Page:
I signed onto my job as a salaried individual contributor; my expectations were that I'd work 40-50 hours a week but it's turned into "get it done, no matter what".
April 18,2023 at 3:49AM UTC
I have two very little children that I have had to forfeit time with, working into the evenings and weekends for my job. This was NOT an expectation (I explicitly asked) when taking the position. I have told my boss that I don't have the capacity to meet some of these deadlines but am told "everybody is working hard" and that I literally need to make it work. So, I work 12 hours a day sometimes. I don't get to put my baby to sleep or stay home with her when she's sick. Let me be clear... what I do is really not that important. There arent emergencies in my field, I promise. My employer echoes this sentiment explicitly and yet... they don't walk the walk.
So, there is this expectation of "this is normal business" and an expectation of you. I have never felt so incompetent in my life. I think it's time I move on. I have given it the good ole heave, ho for three years so I have REALLY tried. It just gets progressively worse.
This isn't EVERY job nowadays, right? I know my employer has absolutely no responsibility for accommodating my home life. Totally fine. I just can't keep up with these expectations but does that make me weak? Unable to handle it? For the love... not every salaried person has to do "whatever it takes" in terms of hours... right?
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I work in a collegiate setting.
I am the only University employee and all of my coworkers are employed by the US Government. There are only two women in this group. She started a mere two weeks after I did and we've both been trying to figure out our roles and responsibilities without hand off from the prior employees.
It started out well and I thought things were good but lately she's had a bug up her butt (sorry) about "something". She's been downright rude in many things for weeks! My approach has been to walk on by and ignore the poor behavior but I've about reached the end of my patience. Nothing is a big deal but the little dings are starting to be like ant bites for irritating.
For example, one day she asked me if I knew how to get to the Parking authority. I stopped my work and brought it up on maps and printed out how to get from our building to their department. I waited 30-60 minutes and she never came back and I didn't see the point of stopping again and taking it to her office. Then she said "I'm going over to Parking." and I said "I printed you a map." She said "It's ok I'll use my phone." At which point I said "So glad I printed the map to help you." (with loads of sarcasm!) She may not have even heard it as she had breezed out the door. I just thought to myself how rude it was.
I do not want to take to superiors as I believe the two of us should be adult enough to work it out. I cannot take it to HR as she and I are covered under two different HRs and it would only complicate it.
I'd like your perspectives. 1) sit down and ask her what I did and apologize vowing never to repeat? 2) sit down and say I'm feeling hurt and puzzled, ask what/why and defend my actions (depending on what she lays out).
Is there something you'd recommend other than 1 or 2? Or should I just continue to 'be the better person' and hope it blows over?
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Fertility/pregnancy discrimination at an organization that “supports” women?
Sorry for the long post but there's a lot to outline...
I’ve been at my current organization for 4 years and have always had excellent performance reviews and have worked incredibly hard to “prove myself” in the earlier years.
I intentionally sought out my current organization for its fully remote workforce and its mission to support women in their careers - something I desperately desired in my career as I was planning on having children soon and wanted the flexibility and support that seemed guaranteed at this organization.
When I received the offer to join my current organization, they did not have a formal paid parental leave policy as most of the employees were a bit older and already had children. I was the first employee approaching their childbearing years, so as part of my offer I negotiated 3 months of paid parental leave (especially since as a small company there are no other health benefits offered).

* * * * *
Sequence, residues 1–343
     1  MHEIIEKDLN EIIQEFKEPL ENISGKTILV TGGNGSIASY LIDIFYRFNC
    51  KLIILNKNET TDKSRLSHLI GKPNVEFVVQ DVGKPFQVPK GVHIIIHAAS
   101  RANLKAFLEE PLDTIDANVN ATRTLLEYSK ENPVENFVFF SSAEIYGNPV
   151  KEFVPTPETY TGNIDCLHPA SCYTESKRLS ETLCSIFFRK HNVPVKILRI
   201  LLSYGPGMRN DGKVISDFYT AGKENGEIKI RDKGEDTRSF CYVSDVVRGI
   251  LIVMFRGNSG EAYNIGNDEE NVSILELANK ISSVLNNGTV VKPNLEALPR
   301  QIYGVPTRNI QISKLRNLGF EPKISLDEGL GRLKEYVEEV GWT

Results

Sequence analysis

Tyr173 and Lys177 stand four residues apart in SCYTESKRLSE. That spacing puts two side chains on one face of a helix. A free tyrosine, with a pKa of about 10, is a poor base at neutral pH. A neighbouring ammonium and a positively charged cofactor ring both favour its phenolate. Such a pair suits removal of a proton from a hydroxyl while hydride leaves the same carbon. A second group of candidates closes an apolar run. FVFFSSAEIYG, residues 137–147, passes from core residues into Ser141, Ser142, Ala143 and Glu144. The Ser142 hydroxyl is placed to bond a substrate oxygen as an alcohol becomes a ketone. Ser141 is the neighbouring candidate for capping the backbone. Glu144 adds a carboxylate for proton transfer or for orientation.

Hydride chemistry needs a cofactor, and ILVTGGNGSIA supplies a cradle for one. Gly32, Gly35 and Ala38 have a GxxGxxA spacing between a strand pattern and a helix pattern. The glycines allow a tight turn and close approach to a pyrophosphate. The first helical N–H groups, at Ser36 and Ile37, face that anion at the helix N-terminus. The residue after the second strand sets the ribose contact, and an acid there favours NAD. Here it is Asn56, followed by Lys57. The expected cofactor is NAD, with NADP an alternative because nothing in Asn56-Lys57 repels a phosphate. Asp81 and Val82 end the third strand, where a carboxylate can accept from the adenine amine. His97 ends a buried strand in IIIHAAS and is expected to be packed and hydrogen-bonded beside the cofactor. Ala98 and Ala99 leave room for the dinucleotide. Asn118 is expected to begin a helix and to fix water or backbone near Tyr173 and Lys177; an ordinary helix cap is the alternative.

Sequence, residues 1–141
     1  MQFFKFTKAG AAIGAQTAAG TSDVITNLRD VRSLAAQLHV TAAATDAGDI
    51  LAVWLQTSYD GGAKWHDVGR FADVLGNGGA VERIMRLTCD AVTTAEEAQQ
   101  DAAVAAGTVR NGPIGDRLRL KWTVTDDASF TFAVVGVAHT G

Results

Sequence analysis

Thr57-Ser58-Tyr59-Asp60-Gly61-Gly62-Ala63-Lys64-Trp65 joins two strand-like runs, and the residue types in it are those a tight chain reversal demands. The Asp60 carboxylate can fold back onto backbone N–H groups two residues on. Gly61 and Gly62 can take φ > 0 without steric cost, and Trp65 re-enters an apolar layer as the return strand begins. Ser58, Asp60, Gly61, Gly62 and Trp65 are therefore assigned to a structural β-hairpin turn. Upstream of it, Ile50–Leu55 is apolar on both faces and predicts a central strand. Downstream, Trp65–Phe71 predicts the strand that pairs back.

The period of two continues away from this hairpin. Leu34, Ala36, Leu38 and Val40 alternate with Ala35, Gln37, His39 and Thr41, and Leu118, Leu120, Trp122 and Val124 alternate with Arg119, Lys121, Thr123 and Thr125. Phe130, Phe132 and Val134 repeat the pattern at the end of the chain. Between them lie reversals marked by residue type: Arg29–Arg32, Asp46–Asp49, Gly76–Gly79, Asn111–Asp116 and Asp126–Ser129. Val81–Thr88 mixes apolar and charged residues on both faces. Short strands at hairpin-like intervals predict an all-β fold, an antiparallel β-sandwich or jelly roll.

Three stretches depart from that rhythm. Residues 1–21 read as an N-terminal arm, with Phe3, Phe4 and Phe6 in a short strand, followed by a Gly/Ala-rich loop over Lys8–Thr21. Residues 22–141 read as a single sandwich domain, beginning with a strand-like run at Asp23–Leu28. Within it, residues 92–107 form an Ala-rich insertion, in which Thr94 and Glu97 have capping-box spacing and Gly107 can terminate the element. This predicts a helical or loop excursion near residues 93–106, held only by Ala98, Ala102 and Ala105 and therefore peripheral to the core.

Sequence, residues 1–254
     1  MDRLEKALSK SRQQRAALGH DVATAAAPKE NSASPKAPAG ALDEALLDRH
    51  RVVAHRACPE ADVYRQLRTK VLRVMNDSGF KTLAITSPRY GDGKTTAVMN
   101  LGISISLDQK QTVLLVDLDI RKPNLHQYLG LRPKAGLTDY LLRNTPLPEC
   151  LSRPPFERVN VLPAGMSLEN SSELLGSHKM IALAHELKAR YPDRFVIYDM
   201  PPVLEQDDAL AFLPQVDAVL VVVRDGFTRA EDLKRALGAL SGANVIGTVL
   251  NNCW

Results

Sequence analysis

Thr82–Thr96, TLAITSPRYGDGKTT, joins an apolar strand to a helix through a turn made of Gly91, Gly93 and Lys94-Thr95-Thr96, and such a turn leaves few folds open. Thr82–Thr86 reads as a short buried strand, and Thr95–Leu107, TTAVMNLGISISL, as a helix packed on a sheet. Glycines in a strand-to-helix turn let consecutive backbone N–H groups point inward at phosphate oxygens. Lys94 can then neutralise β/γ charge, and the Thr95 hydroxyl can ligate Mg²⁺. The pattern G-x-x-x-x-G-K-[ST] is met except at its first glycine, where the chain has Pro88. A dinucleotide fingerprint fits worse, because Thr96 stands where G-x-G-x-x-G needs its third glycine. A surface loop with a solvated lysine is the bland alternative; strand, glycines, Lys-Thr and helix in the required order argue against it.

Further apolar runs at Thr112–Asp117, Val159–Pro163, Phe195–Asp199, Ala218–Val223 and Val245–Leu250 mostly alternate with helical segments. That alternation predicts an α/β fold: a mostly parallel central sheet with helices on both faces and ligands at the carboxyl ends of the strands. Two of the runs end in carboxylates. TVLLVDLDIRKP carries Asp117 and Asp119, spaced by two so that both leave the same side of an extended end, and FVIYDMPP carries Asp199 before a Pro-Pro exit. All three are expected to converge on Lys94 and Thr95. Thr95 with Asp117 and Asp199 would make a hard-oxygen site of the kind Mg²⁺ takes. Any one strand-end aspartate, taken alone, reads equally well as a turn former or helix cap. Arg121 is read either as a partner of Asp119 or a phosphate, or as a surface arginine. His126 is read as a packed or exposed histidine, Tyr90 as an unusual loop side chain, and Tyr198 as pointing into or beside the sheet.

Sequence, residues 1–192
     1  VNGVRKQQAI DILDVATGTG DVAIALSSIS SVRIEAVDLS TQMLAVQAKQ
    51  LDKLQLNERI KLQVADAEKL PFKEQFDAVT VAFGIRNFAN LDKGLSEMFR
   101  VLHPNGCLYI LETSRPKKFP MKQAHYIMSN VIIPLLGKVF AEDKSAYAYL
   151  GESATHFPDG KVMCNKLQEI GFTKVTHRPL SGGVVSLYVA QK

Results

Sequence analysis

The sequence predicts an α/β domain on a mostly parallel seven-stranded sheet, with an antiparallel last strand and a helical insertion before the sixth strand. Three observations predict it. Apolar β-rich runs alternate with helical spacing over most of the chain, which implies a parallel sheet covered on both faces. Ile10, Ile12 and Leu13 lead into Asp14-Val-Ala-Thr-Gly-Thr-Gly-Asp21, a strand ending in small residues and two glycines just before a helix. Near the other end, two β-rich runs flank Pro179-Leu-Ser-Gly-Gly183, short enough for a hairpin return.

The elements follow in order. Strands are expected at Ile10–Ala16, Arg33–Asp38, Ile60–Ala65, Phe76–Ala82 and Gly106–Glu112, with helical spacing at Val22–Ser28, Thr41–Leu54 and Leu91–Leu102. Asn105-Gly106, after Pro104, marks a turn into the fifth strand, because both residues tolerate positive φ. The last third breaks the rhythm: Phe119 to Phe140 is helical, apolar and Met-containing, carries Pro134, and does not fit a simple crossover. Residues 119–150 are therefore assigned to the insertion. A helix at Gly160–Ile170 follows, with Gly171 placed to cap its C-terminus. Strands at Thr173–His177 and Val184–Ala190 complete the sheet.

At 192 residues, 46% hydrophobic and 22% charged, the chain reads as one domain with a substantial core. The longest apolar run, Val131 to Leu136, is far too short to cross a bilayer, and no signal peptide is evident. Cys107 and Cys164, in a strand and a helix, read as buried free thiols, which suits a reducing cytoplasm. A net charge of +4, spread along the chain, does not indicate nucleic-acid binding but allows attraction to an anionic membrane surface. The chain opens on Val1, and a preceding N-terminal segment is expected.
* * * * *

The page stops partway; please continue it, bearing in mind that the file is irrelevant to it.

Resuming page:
In 2022, as my partner and I tried to expand our family, I had two subsequent miscarriages (not to mention other very difficult family issues including the prolonged hospital stay of a mentally and medically unstable family member and the death of my father in law). In short - it was an incredibly difficult year. I needed to take some away from work and went to about 60% part-time from August to December with the intention of always returning to a full-time work schedule. I still worked hard and delivered excellent results during this period.
In January 2023, I had grieved and recovered enough that I was ready to begin ramping back up, although I informed my employer that I was starting to undergo fertility treatments and still needed the flexibility for those appointments. They seemed amenable to this.
In early April 2023, two days after I returned I returned from a planned vacation, I was informed that we were in “cash conservation” mode due to the Silicon Valley Bank collapse and other economic concerns. During this discussion, what seemed like a request was made for me to consider going to 50% time and compensation. Later, it became clear that this was not in fact a request, but something I had no choice in the matter, and that there was no definitive date for when my hours and compensation could return to full-time. (And, by the way, we are hiring 2 new business development executives to try to boost revenue - no doubt my compensation cut subsidizing the base salary of these individuals). I was only 1 of 2 employees affected by this 50% decision.
For a multitude of reasons, this news of course has prompted me to start a new job search. Here’s the kicker though…I’m now 9 weeks pregnant with what seems to finally be a viable and healthy pregnancy. My previously negotiated 3 months of paid parental leave at my current organization is in limbo…I can’t afford to stay at 50% pay indefinitely, nor would it be “fair” for me to take this leave at 50% of my pay when I’ve been working full-time for the majority of my tenure. And because I’m already pregnant, my options for now obtaining paid parental leave at a new employer are threatened by the eligibility period for those benefits. So it’s hard to feel like my current employer has completely ruined any chance of collecting on a benefit I have been long anticipated using - either at my current employer or any future employer.
I realize that there are often very difficult business decisions that need to be made, and that my employer also could’ve laid me off completely instead of the 50% cut…but it’s also put me in a very difficult position…financially and in my ability to share details about my complicated employment situation with my network and prospective employers, including details I’m not quite ready to share yet about the status of my pregnancy, for fear of continued pregnancy discrimination during the hiring process.